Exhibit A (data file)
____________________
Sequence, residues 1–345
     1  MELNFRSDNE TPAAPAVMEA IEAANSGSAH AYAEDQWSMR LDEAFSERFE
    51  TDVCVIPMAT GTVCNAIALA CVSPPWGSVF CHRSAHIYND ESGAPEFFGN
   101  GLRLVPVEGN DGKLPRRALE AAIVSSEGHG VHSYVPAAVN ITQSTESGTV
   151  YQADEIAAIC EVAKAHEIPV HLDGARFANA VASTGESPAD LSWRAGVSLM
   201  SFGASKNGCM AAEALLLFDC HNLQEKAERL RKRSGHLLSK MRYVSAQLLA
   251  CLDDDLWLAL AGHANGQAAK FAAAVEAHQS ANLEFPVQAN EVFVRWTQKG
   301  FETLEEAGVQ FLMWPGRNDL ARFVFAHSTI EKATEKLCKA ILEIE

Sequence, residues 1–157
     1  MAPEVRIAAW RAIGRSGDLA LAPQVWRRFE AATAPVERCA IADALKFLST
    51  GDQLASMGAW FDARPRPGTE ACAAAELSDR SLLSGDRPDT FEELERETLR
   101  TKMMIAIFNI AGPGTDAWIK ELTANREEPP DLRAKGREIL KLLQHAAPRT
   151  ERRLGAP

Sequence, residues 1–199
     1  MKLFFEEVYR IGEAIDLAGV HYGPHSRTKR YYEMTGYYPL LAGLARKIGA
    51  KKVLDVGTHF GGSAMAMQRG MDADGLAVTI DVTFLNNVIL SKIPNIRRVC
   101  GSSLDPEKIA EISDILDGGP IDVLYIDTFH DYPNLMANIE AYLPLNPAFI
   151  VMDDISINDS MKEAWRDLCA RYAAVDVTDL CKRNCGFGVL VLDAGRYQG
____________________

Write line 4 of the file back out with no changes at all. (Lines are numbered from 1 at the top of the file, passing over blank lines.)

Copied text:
   101  GLRLVPVEGN DGKLPRRALE AAIVSSEGHG VHSYVPAAVN ITQSTESGTV